Friday, March 1, 2013

School Nutrition

The Texas House Bill 1781:
"Relating to a limitation on sanctions imposed on school districts for the sale of foods of minimal nutritional value."

Filed on February 25, 2013
Sponsor: Representative Ken King

This bill states that "the department may not impose on a school district a sanction, including disallowing mean reimbursement, based on the sale to students at a high school of food of minimal nutritional value, if the sale is approved in advance by the school and is made: outside of a school area designated for food service or food consumption of during a period other than a school meal service period; and for the purpose of raising money for a student organization or activity sponsored or sanctioned by the school or the school district in which the school is located.”

In 2011-2013, only 12% of Senate bills made it past committee and only 2% were enacted. o

The bill immediately takes effect if two-thirds of the members elected to each house vote to approve the bill.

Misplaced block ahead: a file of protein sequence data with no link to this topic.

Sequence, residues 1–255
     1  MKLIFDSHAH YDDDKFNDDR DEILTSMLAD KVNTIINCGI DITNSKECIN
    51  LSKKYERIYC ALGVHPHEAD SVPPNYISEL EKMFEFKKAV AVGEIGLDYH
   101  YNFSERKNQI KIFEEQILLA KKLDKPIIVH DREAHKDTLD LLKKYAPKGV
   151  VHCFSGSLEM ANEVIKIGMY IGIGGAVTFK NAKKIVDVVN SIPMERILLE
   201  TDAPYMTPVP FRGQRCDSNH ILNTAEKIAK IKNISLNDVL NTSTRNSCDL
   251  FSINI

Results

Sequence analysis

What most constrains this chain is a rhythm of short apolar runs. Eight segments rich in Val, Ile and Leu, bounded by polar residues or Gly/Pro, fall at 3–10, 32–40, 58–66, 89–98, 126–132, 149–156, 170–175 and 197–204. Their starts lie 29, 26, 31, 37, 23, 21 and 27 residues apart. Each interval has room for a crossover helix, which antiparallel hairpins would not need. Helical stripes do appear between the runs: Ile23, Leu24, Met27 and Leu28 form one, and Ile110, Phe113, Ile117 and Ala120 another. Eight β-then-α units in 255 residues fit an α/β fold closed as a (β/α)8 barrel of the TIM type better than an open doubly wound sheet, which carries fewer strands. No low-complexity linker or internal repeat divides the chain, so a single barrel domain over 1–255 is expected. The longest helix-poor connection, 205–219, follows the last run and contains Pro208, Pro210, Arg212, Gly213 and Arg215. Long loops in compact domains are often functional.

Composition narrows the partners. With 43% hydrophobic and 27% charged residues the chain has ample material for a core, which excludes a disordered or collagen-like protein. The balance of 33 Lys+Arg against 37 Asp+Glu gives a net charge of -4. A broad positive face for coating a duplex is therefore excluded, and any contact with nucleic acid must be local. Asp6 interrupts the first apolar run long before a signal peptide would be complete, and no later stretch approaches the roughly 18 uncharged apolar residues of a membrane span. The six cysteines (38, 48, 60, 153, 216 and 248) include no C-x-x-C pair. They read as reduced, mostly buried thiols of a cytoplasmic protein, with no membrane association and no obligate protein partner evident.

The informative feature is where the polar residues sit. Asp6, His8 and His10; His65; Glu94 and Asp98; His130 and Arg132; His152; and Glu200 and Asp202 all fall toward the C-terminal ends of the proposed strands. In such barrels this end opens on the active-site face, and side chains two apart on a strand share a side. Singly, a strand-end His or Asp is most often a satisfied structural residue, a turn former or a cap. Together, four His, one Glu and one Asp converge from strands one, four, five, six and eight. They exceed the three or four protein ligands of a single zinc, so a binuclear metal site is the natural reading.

Nutrition is a national issue, and many other states have succeeded in implementing programs to better child nutrition. For example, a few high schools in California implement a program to help children to change their eating ways. The school serves fresh and never frozen foods to the children, less sodium and trans fats, and more whole grains, fruits and vegetables. They also limited the calories for each school's lunch: 650 calories for elementary school, 700 for middle schools, and 850 for high schools.   For more information on this topic, visit this link:

Obesity is a huge problem in Texas, and will only lead to future health care costs. In the picture below, you can see that Texas has one of the highest obesity rates, and California is among the lowest. If Texas school's followed the same programs as California schools, we would see the obesity rate drop dramatically.

For more information regarding this bill, visit 

Shelby Knight

School Nutrition

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